by Ben Worthen

Globalization: A Passage to India

Mar 01, 20073 mins

One of the mantras reverberating through the halls of America’s universities is that business is global. But what does that really mean?

One of the mantras reverberating through the halls of America’s universities is that business is global. But what does that really mean? That’s what 25 MBA students from Babson College in Wellesley, Mass., set out to learn when they traveled to India in January. (Full disclosure: My wife was one of them and I traveled along.) On their two-week trip they met with business leaders and politicians, and even visited a Bollywood movie set.

“The world really is flatter,” says Jessica Yang, one of the students. One reality: Yang and an increasing number of U.S. managers will have to interact with employees, outsourcers or customers in India. These students gained communication skills and cultural insights. Such lessons included simple things like facial gestures that say “no” to Americans may mean nothing to Indians, and an understanding that many people in India are taught to say yes, not no.

Despite fiber-optic cable that lets work pass between countries in no time at all, the differences in daily life between India and the United States, the class learned, are vast.

For all the talk about India as a technology capital, the country itself is surprisingly low-tech. The airports are old, the big cities dusty, and cows wander around the streets, even in tech hubs like Bangalore. The latter makes the traffic—five lanes of scooters, cars, trucks and auto-rickshaws somehow squeezed onto a two-lane road—all the more harrowing. (Someone in the United States certainly wouldn’t want to gripe about his commute to a coworker in India, who typically commutes 90 minutes each way in this traffic maze.)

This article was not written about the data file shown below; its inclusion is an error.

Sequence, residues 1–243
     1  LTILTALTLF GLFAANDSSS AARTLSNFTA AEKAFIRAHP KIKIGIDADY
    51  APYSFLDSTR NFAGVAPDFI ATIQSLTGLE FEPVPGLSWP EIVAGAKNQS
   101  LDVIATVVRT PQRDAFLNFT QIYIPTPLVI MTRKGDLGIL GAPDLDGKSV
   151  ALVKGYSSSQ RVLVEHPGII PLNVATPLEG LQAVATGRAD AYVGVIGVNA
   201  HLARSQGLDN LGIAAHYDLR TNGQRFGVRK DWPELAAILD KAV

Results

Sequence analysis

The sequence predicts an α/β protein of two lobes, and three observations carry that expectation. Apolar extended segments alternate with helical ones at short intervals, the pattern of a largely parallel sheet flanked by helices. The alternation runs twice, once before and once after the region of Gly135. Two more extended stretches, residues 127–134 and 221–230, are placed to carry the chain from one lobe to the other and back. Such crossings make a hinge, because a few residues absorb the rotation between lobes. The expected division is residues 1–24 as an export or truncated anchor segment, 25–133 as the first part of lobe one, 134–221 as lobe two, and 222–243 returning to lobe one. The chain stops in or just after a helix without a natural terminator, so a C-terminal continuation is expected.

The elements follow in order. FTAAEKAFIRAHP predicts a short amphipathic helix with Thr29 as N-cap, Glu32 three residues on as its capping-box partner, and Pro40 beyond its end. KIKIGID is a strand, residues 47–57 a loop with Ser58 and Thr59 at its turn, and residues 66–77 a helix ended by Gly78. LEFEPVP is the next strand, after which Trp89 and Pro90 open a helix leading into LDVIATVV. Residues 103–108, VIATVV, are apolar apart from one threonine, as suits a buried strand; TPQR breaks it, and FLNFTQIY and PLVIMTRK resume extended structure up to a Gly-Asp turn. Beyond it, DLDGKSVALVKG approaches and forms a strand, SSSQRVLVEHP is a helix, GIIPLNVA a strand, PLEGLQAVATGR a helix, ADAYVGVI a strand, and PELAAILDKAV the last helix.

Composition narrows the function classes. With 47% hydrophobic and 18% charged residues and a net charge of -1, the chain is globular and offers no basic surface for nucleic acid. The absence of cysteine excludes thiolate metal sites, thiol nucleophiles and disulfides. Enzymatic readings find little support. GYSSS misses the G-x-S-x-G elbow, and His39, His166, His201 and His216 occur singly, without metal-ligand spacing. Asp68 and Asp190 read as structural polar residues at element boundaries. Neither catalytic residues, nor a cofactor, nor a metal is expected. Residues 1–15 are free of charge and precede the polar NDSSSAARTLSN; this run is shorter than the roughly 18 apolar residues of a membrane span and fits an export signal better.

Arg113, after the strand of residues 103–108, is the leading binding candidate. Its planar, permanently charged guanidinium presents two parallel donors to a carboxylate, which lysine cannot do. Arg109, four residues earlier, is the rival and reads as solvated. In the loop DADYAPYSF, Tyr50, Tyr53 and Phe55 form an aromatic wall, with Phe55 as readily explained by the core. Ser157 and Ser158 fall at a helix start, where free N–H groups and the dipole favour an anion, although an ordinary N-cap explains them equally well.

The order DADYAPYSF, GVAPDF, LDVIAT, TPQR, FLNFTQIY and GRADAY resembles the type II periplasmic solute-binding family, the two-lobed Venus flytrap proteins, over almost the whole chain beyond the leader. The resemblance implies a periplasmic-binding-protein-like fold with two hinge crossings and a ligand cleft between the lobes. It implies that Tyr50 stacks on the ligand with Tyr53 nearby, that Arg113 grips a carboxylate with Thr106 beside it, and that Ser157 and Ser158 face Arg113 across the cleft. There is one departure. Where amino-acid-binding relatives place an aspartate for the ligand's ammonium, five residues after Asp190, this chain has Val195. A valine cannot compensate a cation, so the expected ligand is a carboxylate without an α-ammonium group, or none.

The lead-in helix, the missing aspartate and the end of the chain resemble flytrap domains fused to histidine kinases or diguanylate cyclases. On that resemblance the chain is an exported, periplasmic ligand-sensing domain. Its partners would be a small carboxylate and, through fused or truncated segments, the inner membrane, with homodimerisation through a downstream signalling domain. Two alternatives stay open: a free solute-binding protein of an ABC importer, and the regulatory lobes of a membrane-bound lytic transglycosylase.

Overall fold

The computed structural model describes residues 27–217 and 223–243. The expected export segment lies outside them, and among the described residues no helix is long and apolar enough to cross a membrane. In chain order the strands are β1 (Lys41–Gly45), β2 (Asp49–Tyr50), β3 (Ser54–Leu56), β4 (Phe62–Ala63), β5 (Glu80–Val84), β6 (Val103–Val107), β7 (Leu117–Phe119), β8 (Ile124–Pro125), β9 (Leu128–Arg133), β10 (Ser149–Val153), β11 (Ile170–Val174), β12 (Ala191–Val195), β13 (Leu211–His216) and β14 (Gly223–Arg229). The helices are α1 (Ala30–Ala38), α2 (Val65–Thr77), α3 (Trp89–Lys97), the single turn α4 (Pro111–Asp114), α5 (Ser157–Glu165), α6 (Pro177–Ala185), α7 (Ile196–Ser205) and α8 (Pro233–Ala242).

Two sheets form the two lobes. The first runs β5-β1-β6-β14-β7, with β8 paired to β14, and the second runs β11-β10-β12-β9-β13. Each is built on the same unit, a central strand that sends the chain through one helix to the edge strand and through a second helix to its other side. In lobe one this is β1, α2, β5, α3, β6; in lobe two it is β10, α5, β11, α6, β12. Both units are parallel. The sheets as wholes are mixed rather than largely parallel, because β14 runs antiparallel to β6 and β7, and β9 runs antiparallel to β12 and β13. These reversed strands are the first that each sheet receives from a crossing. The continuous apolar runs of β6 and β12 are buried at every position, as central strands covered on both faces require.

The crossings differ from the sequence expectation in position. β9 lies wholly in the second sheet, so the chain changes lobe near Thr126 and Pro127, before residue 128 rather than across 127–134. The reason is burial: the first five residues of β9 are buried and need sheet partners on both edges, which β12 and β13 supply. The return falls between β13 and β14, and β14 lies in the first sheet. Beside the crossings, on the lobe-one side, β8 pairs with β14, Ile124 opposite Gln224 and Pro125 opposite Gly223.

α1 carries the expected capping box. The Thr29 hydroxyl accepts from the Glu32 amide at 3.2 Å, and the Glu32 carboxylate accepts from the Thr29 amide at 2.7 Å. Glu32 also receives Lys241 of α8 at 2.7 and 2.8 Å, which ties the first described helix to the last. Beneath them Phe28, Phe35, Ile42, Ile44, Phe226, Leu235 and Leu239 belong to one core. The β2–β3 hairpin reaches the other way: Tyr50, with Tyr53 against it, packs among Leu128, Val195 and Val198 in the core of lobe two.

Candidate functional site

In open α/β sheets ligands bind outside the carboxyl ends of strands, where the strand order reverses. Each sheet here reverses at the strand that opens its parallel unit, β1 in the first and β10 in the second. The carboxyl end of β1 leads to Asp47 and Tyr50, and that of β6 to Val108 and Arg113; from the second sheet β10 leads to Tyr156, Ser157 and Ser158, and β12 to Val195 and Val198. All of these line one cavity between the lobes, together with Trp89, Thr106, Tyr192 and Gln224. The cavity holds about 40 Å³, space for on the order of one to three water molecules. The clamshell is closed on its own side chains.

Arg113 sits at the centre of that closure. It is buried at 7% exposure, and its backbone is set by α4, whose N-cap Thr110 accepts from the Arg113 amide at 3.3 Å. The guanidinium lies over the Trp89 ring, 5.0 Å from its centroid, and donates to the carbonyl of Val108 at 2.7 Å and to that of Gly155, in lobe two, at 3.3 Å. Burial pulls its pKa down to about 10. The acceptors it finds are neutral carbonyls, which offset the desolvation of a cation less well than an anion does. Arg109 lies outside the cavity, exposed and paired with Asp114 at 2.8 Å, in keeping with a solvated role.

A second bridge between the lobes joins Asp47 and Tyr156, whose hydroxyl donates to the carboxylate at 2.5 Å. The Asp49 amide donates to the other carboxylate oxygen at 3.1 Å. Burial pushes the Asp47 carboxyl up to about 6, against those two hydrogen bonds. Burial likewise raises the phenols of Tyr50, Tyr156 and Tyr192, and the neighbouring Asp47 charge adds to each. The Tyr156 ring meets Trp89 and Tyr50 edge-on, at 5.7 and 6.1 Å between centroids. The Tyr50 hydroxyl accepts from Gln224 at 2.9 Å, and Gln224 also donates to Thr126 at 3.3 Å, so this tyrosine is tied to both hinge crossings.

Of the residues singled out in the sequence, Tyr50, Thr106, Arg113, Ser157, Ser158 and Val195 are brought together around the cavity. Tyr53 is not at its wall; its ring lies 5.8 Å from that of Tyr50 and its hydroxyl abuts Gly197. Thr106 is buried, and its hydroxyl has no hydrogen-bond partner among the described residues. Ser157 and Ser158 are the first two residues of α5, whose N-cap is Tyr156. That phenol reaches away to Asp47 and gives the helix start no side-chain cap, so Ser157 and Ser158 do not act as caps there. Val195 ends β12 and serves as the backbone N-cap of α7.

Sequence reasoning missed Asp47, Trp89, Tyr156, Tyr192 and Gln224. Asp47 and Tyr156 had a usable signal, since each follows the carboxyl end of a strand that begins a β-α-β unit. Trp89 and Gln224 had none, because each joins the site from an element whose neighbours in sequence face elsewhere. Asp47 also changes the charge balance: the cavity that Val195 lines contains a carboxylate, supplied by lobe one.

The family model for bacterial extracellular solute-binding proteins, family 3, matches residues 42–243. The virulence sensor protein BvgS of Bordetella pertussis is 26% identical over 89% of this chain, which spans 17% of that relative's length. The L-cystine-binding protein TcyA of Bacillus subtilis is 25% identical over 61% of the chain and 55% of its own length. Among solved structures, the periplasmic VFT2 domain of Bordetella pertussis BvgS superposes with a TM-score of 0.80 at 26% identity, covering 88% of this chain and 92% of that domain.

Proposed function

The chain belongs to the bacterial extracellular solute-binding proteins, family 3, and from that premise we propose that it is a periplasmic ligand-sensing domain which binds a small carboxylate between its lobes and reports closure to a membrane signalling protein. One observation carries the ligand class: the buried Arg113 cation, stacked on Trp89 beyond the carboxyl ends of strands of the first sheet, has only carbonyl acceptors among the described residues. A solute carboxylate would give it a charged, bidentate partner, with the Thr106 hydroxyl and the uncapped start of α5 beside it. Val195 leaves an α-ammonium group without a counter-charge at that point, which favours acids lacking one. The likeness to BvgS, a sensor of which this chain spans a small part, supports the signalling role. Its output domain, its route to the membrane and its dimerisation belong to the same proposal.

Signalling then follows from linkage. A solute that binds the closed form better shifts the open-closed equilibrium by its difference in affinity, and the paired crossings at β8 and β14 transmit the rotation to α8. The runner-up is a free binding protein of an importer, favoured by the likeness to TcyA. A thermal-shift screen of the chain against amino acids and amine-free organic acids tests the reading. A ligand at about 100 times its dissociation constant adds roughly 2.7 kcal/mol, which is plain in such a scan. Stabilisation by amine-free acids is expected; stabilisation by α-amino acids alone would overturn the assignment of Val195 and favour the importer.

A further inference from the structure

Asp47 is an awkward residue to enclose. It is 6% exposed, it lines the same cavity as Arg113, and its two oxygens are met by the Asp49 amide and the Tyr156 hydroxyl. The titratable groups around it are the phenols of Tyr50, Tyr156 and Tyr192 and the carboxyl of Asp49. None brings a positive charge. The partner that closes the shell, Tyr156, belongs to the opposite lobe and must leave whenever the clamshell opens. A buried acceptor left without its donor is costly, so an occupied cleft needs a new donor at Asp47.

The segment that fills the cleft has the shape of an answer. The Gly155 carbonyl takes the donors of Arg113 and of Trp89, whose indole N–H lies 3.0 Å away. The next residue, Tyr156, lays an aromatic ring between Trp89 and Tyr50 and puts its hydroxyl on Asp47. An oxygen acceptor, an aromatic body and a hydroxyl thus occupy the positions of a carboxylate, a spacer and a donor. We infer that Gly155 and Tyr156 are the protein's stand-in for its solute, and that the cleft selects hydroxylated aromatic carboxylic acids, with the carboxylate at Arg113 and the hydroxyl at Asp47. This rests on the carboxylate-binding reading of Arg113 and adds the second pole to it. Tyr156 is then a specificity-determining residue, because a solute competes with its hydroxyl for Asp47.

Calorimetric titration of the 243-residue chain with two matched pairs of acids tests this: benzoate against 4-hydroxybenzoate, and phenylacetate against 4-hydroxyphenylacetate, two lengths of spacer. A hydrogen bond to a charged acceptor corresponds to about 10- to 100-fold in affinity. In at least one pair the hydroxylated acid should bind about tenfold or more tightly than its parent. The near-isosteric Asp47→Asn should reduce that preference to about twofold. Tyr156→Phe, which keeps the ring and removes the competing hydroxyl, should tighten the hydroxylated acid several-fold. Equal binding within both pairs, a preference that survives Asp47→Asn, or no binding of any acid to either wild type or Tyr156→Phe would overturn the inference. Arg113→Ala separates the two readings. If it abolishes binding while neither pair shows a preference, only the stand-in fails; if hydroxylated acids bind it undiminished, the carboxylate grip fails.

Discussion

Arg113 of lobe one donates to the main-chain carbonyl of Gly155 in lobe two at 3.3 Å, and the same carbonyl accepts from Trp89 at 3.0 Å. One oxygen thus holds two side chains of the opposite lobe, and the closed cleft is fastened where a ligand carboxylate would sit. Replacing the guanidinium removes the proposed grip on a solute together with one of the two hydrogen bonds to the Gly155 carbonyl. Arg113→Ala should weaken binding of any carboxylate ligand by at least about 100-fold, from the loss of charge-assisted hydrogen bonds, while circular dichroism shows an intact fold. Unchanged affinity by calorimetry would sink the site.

“It’s hard to know how a culture does business without actually knowing the culture,” says Jason Spaulding, who is working for IBM while finishing school.

While a largely rural voting base doesn’t approve public infrastructure projects like airports and roads, private infrastructure is another story, the class learned when meeting the India-based executives of a U.S. financial services company. The company, whose Indian headquarters are inside a modern glass building with desks and conference rooms that could be mistaken for any U.S. office, has been steadily shifting high-end IT and business analyst jobs to India.

The executives said it was easier to find the skills they needed in India, but the students weren’t biting. The skepticism only grew when they learned what the company paid to operate in India: about $6,800 a year in salary for an entry-level IT person and a little more than a dollar a square foot for rent in the brand-new office building.

After the meeting the students all seemed to agree that the cost arbitrage was the real reason the work was shifting—and one that would be impossible to ignore when they graduate. Those salaries, low by U.S. standards, are fueling India’s middle class.

“I feel like I came face-to-face with the reality of globalization,” Yang says.